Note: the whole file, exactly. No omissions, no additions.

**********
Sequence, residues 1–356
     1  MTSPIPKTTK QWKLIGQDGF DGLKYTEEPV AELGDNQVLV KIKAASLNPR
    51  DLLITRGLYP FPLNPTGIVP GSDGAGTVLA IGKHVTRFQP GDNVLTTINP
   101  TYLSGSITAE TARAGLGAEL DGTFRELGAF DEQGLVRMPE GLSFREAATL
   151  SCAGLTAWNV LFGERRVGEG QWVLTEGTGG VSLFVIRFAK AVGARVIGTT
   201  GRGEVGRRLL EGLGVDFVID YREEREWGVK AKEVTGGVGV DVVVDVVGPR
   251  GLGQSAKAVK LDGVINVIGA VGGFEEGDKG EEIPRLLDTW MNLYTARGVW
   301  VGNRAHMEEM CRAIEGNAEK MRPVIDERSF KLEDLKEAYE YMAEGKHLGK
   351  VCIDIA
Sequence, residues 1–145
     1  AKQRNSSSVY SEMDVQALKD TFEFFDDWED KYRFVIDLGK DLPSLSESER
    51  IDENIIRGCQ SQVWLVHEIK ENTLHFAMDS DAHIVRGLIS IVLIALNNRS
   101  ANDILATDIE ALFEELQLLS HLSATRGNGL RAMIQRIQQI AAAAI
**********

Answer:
Sequence, residues 1–356
     1  MTSPIPKTTK QWKLIGQDGF DGLKYTEEPV AELGDNQVLV KIKAASLNPR
    51  DLLITRGLYP FPLNPTGIVP GSDGAGTVLA IGKHVTRFQP GDNVLTTINP
   101  TYLSGSITAE TARAGLGAEL DGTFRELGAF DEQGLVRMPE GLSFREAATL
   151  SCAGLTAWNV LFGERRVGEG QWVLTEGTGG VSLFVIRFAK AVGARVIGTT
   201  GRGEVGRRLL EGLGVDFVID YREEREWGVK AKEVTGGVGV DVVVDVVGPR
   251  GLGQSAKAVK LDGVINVIGA VGGFEEGDKG EEIPRLLDTW MNLYTARGVW
   301  VGNRAHMEEM CRAIEGNAEK MRPVIDERSF KLEDLKEAYE YMAEGKHLGK
   351  VCIDIA
Sequence, residues 1–145
     1  AKQRNSSSVY SEMDVQALKD TFEFFDDWED KYRFVIDLGK DLPSLSESER
    51  IDENIIRGCQ SQVWLVHEIK ENTLHFAMDS DAHIVRGLIS IVLIALNNRS
   101  ANDILATDIE ALFEELQLLS HLSATRGNGL RAMIQRIQQI AAAAI